Speaking of kids caught between cultures, my own story on the topic is now up at Literary Mama .

This morning when I dropped Jio off at school, one of his friends asked me why, since he was born in America, Jio could speak Japanese. I tried to explain that Jio was born in Japan – in Tokushima, in fact, at the same hospital where many of his classmates were born – and that he is Japanese, but the kid wasn’t buying it. He kept calling Jio a gaikokujin. I assured Jio that he is indeed Japanese. I hope that’s enough for now.


4 thoughts on “Between

  1. Suzanne:

    I found your name in JSelect and then did a Web search for you and
    found your blog, plus your email address.

    I’m also an American woman (from Boston) and a writer engaged to a
    “chonan” in Osaka. I live part-time in Osaka and part-time in Boston,
    which my career as a writer and part-time literature/writing prof. allows
    me to do (although my sweetie cannot come back and forth with

    If you’re willing, I’d love to keep in touch. I’m interested in what
    it’s been like for you keeping your career going while in Japan, since
    I’m just starting the bi-continental experience this year. (My fiance lived
    with me in Boston for a year but had to return to Osaka last spring.)

    Anway, here’s the Web site of a literary series that I run in Boston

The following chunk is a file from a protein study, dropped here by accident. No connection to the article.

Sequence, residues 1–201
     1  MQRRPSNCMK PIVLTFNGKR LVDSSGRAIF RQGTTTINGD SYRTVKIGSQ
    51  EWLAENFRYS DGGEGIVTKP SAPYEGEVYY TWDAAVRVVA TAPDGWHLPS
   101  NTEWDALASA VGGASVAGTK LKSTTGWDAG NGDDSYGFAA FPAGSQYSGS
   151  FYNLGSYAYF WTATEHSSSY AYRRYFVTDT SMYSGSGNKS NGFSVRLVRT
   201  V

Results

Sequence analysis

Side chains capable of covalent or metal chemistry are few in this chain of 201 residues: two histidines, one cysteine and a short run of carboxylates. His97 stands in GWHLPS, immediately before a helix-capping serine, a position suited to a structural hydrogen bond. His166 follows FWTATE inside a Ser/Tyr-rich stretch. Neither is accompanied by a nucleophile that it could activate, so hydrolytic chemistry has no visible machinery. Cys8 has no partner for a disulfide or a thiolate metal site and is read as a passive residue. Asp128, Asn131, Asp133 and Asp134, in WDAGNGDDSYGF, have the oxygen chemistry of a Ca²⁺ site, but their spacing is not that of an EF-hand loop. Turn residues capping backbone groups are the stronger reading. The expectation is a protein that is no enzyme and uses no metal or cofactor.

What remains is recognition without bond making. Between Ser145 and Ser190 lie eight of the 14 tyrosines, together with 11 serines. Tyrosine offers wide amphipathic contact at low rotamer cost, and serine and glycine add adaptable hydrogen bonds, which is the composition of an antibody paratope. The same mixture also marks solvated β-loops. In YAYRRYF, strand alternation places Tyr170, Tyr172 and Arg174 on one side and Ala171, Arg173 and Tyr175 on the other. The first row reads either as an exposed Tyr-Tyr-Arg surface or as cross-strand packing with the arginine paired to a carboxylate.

when I’m there, plus my email address. Pls. let me know if you’d like
    to keep in touch:

    Warm regards–sayonara!


  2. Oops- sorry. I wanted to add something, but I didn’t realize it would leave a record of my original post up there. Anyway, what I wanted to say:

    Beautiful story, Suzanne.

    I tried to pull up the Blogger help page on doing hyperlinks, but it came up for me in Spanish so I won’t send it. It’s really easy, though– just highlight the word you want the link to be under, and then click on the little globe icon thing on top of the editing box (the one right after the b and i buttons.) It will prompt you for the URL.

    By the way, The snow in Japan has been getting a fair amount of airtime on the news here. Are you affected by it? We’re going to the village this weekend so the kids can see snow, but there won’t be more than a few centimeters…

  3. Thanks, Kate. You’re right – it was really easy! And thanks for reading my story. We don’t have any snow here, but it’s pretty darn cold – 7 degrees Centigrade in this room when I wake up.

  4. Hi!

    I loved your story. It made me cry. I live in Tokushima too, and I have a three month old girl. I’m going back to work tomorrow and leaving her at home with her dad – he’s taken two months off work to take care of her. Then she’ll start hoikuen in April. When we went to the hoikuen interview, the kids all called her gaikokujin, and one girl stuck her head in the stroller and smelled her! Then said ‘I knew it! She even smells different!’

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